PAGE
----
Using Carbon ultra fast CLIP 3D printing system, the Milwaukee School of Engineering (MSOE) enables its 50 member entities to share access to the school’s investments in the latest additive technologies and benefit from the Additive Center’s expertise in prototyping and production.
A small college in Wisconsin isn’t necessarily where you would expect to find a state-of-the-art lab that creates 3D printed instructional kits for the biosciences, but that’s precisely the mission of the Rapid Prototyping Center (the Additive Center). Member support defrays capital equipment costs, which in turn benefits MSOE’s engineering students who use the additive lab for design projects.
Embracing additive’s potential to deliver final parts that are as durable and cost effective as traditional manufacturing processes, MSOE’s consortium members put new technologies to the test in low volume production. In its latest partnership with member company, 3D Molecular Designs (3DMD), MSOE’s Center used Carbon’s CLIP technology to print molecular model kits that bring the sciences to life in high school and university classrooms. Several of the parts in the molecular kit were simple enough to be injection molded, but two of the parts use a ball-and-stem snap fit connection, which are more geometrically complex and expensive to produce using injection molding.
Before MSOE’s Center introduced 3DMD to Carbon’s CLIP technology, the company’s concerns around the porosity and weakness of an SLS nylon printed prototype sent them on a search for a material that would look and function like an injection molded part. Their search ended when they found Carbon’s RPU material. “One of the key features for this part was the ability to be snapped and unsnapped by our users many times,” as Vince Anewenter, Manager of MSOE’s Additive Center says, “We initially printed a nylon prototype, but the snap-fit was too tight in the beginning, and as it wore in, it became sloppy and loose.” Nylon, he explained, has a nice matte surface finish, but because it’s porous, the part got dirty looking very quickly with all of the handling by students and teachers in the classroom. “That’s what made me think of Carbon: surface finish second-to-none, durability and performance.”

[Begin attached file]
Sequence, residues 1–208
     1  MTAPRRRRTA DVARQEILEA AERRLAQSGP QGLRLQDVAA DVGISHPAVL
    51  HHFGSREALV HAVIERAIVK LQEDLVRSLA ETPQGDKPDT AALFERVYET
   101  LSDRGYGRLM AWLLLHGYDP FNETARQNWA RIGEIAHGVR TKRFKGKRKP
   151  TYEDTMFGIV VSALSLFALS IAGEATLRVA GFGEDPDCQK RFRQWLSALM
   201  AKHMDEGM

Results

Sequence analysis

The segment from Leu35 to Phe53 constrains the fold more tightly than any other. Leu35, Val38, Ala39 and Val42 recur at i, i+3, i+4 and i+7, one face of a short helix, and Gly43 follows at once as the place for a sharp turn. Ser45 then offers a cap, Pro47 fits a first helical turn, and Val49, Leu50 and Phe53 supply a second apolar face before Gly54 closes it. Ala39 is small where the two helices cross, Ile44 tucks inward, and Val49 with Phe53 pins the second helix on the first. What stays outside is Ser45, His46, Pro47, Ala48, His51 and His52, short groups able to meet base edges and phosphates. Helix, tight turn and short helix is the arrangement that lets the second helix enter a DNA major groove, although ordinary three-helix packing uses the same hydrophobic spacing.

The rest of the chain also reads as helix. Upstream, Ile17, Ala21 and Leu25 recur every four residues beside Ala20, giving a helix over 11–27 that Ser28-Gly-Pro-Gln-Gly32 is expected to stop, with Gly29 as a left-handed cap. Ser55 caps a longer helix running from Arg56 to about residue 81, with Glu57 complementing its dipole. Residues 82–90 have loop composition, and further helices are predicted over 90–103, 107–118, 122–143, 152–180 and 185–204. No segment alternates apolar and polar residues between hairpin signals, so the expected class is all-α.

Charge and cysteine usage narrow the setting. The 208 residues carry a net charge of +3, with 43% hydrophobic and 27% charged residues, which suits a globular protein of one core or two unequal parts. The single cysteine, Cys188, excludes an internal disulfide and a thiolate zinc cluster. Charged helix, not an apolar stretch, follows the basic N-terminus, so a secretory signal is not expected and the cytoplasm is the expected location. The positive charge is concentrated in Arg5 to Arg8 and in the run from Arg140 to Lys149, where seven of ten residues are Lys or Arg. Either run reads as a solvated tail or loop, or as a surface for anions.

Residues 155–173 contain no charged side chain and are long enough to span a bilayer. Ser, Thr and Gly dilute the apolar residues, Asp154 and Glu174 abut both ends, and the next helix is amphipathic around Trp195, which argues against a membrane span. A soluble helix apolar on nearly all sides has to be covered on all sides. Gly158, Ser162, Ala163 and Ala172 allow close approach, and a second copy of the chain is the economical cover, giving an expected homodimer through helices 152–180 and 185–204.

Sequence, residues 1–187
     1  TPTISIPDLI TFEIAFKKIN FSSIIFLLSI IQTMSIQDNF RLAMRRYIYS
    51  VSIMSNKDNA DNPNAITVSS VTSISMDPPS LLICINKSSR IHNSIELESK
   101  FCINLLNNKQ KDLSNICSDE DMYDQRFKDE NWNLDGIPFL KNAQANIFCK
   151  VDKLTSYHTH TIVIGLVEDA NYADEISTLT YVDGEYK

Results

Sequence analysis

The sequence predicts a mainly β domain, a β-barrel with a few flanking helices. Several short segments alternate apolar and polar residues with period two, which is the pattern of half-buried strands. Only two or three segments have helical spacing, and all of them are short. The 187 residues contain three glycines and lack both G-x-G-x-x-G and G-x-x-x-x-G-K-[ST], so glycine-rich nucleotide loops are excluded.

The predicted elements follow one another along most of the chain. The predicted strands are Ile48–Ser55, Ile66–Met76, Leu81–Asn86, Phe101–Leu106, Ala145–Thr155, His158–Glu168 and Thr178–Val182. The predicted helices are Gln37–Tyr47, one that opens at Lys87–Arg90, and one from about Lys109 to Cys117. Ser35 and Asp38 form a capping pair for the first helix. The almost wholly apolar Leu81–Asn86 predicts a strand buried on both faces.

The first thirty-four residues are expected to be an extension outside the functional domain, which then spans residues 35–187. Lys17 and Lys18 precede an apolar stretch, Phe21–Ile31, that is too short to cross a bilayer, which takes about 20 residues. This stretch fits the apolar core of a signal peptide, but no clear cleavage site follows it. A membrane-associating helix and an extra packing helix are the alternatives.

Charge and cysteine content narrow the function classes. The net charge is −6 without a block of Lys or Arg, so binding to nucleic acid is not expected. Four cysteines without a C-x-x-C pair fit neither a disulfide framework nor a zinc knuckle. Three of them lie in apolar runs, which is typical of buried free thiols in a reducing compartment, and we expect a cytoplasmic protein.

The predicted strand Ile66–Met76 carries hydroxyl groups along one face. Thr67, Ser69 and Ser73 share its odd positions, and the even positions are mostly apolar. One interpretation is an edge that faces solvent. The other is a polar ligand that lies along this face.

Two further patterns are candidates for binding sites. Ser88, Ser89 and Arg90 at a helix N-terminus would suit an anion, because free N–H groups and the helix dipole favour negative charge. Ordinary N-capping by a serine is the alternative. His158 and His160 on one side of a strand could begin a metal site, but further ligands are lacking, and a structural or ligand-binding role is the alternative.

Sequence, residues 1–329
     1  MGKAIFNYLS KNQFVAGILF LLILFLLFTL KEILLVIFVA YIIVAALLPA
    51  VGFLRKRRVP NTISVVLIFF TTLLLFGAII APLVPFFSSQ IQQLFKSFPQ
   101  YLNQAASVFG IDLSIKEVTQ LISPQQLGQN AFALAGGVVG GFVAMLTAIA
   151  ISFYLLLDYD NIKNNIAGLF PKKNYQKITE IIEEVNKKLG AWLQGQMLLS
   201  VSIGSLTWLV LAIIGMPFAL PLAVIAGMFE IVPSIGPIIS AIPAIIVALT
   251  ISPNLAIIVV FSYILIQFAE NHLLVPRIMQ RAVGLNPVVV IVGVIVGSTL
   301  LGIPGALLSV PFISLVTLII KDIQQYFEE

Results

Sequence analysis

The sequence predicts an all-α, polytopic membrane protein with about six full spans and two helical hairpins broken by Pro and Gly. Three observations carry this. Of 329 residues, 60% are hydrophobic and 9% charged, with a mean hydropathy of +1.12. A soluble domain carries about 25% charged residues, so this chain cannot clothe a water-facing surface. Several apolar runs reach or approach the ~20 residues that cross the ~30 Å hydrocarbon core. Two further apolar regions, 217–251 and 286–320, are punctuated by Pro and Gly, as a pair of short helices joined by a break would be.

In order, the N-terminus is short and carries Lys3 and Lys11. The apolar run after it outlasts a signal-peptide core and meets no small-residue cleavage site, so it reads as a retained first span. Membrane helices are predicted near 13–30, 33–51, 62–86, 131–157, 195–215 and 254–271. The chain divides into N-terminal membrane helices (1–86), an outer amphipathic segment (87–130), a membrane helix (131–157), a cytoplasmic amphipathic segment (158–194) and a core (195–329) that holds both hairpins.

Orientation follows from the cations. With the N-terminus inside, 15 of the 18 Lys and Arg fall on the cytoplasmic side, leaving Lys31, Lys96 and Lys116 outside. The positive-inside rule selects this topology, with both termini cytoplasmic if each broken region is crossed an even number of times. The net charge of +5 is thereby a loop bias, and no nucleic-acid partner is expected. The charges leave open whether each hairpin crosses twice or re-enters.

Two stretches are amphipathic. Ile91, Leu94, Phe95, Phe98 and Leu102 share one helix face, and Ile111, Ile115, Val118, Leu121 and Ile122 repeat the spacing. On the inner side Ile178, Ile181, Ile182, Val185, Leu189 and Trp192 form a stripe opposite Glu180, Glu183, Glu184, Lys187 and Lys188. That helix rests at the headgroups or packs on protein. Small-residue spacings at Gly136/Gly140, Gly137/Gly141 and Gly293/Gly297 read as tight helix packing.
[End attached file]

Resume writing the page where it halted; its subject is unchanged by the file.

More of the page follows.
Further, the consistency of parts across builds makes CLIP ideal for production. “We didn’t see any discernible differences across the builds and there’s no real discernible scrap rate,” Anewenter notes. For the production of consistently high quality parts that withstood the test of tinkering by hundreds of students, CLIP provided a solution that no other manufacturing process was able to deliver. As the Additive Center iterates on the production process, they’ve found ways to be more operationally efficient.
“The students developed a process that they ramped up pretty quickly. We now batch the parts to get 4, 5, or 6 builds in one day, with 28 parts per build. Each build takes 45 minutes. We then cure all of the parts in the oven overnight, and in the morning, we sand the bottom supports off.” – Anewenter
Not only is the CLIP production process extremely efficient, but the economics of low volume production with CLIP are also more favorable than injection molding. When the team at 3D Molecular Designs priced the part for injection molding, they realized that at $10,000 for the tool alone, it would be a cost prohibitive part to injection mold – especially given the low volume of production
“Injection molding isn’t economically viable under quantities of 10k and until you know it’s going to be a big seller for you, it’s tough to commit to quantities that make it cost effective – especially when you’re talking about educational training tools. We wanted to test the piece and the market,” Dr. Timothy Herman, founder of 3DMD, explained.
To date, 3D Molecular Designs has printed 500 kits (around 1,000 parts) with CLIP. Given the success of this pilot, the team plans to increase the number of kits in the field, kicking into producing thousands of new parts. With CLIP, classrooms across the country now have access to high quality, economically viable educational tools. By empowering 3DMD’s low volume production capabilities, CLIP is giving small businesses the power to have a giant impact.
To review Carbon’s vision, take a look at the TED talk Joseph DeSimone, CEO of Carbon, gave back in 2015: